Mar 21, 2013– Oslo, Norway (Techreleased) – Taiwanese ODM, Relight Technologies, unveils model racer transmitter that meets the demands of serious consumers for a multichannel, low latency, interference immune RF link – with smartphone connectivity for simple set-up – using Nordic’s nRF24LE1 SoC and nRF51822 Bluetooth low energy and 2.4GHz proprietary SoC.
Ultra low power (ULP) RF specialist Nordic Semiconductor ASA today announces that Taiwanese original design manufacturer (ODM), Relight Technologies, has selected the nRF51822 Bluetooth® low energy and 2.4GHz proprietary System-on-Chip (SoC) and the nRF24LE1 SoC as the basis of a high-end remote control model car radio transmitter. Relight’s “Smart-Tx” is one of the most advanced surface radio transmitters for remote control model car drivers.
The nRF24LE1, a proven 2.4GHz ULP SoC used in millions of devices worldwide (see “About nRF24LE1” below), powers the wireless link between the transmitter and vehicle. Relight selected the chip because of its robust RF performance and because it can be programmed with the ODM’s own RF software protocol that has been specifically designed to cope with the demands of remote control cars used by enthusiasts. These vehicles can reach speeds approaching 100km/hr and are often surrounded by many other remote control vehicles, so range, low latency, and interference immunity are essential requirements for the wireless link.
The remote control handset also employs Nordic’s nRF51822 SoC (see “About nRF51822” below). Apart from its superior RF performance and ultra low power consumption (-92.5dB RX sensitivity in Bluetooth low energy mode and sub-10mA peak currents when running off a 3V coin cell battery), Relight selected the chip for two key reasons: Seamless connectivity with smartphones, and because the device’s powerful 32-bit ARM® Cortex™-M0 based processor features ample computing overhead to cope with the complex remote control algorithms.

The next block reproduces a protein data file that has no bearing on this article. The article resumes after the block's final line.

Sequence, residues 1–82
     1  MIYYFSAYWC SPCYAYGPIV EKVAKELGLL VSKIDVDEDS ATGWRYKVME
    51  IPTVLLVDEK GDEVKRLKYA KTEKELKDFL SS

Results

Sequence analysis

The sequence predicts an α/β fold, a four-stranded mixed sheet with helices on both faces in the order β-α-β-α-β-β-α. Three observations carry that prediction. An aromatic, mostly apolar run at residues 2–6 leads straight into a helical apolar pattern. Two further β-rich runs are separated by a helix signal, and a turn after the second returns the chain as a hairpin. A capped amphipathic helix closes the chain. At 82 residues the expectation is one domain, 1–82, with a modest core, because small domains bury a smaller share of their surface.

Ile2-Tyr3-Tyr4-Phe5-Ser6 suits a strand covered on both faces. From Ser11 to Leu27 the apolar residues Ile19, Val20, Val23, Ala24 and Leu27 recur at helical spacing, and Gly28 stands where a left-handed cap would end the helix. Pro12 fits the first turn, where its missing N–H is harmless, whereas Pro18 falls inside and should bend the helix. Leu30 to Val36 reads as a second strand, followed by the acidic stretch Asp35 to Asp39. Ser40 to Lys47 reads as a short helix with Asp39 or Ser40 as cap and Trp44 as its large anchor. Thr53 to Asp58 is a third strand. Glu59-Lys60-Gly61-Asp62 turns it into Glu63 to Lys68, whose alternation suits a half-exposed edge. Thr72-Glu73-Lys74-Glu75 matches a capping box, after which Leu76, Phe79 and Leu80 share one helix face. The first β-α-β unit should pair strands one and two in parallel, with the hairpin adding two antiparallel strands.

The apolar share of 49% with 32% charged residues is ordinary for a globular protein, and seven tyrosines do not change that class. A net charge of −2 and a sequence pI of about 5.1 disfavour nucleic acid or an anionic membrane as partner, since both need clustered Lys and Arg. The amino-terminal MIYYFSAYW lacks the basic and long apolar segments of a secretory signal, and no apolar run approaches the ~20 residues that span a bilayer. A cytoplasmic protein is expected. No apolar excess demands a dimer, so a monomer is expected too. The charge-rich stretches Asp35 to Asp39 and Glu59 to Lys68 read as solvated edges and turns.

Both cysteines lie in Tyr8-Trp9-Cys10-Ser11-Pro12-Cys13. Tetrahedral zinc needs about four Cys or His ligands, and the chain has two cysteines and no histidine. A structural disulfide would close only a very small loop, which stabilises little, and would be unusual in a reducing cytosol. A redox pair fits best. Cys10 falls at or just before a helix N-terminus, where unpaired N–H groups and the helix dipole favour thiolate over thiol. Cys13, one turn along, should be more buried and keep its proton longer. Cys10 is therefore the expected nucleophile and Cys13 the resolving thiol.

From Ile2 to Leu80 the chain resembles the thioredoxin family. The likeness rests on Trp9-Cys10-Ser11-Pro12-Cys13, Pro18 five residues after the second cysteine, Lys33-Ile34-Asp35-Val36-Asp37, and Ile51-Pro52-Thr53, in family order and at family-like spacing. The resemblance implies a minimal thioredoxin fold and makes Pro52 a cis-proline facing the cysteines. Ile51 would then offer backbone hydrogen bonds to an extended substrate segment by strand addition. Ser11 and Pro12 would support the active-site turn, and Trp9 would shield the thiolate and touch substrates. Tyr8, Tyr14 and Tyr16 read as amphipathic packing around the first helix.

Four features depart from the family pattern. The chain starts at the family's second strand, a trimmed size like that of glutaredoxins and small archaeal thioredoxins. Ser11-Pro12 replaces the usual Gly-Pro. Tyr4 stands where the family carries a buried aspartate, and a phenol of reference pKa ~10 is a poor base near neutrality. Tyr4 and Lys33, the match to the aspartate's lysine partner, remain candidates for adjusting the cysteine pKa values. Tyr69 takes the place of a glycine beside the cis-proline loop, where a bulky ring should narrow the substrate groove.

The latest generation of smartphones such as Apple’s iPhone® 4S and 5 include support for Bluetooth v4.0 (which embraces Bluetooth low energy as a hallmark feature). Allied to a downloadable ‘app’, the handset’s computational power and large touchscreen make setting up the control program for high-level remote control models much easier than the traditional system that relies on a basic dot matrix display, using complicated menu-based commands, situated on the controller itself.
In addition to providing the remote controller’s computing capability, the nRF51822 powers the wireless link between controller and smartphone that relays the user’s set-up instructions after they have been selected using the app. The iPhone is a Bluetooth Smart Ready product, ensuring it is interoperable with any Bluetooth Smart product. A Bluetooth low energy radio––as integrated into the nRF51822––is a prerequisite for a Bluetooth Smart product. (See “About Bluetooth low energy” below.)
“Most enthusiasts own more than one type of remote control car but typically only one radio transmitter,” explains Elvis Huang, Vice President with Relight Technology. “Each car requires its own control parameters and some of these––such as the throttle curve––are very complex to program via a tiny dot-matrix display. But because the nRF51822 enables wireless connectivity to an iPhone, the user can now program the control parameters easily using an intuitive handset-based app and then transfer these back to the controller.
“But that was not the only reason for choosing the nRF51822,” continues Huang. “Nordic’s software framework makes it easy to build ‘customized’ Bluetooth low energy profiles. This is particularly important for the toy sector because there are no standard profiles available. Second, the 32-bit microcontroller looks after the control algorithms while handling the complex Bluetooth protocol without any stress. Finally, the large 128 kByte user-accessible Flash memory built into the nRF51822 provides plenty of room to store the high accuracy control algorithms required for these high-performance model cars.”
“Relight Technologies have demonstrated considerable innovation to not only use ULP wireless connectivity to control high-performance model cars, but also to employ the technology to link the transmitter to a smartphone to make programming the control system for the vehicle much easier than in the past,” notes Geir Langeland, Nordic’s Director of Sales & Marketing. “This impressive application perfectly demonstrates how the nRF51822 SoC’s built-in computing power and large Flash memory allows customers the scope to develop and support wireless applications that were previously beyond a single-chip solution. Better yet, the power consumption of the device is considerably lower than the previous generation of ULP transceivers.”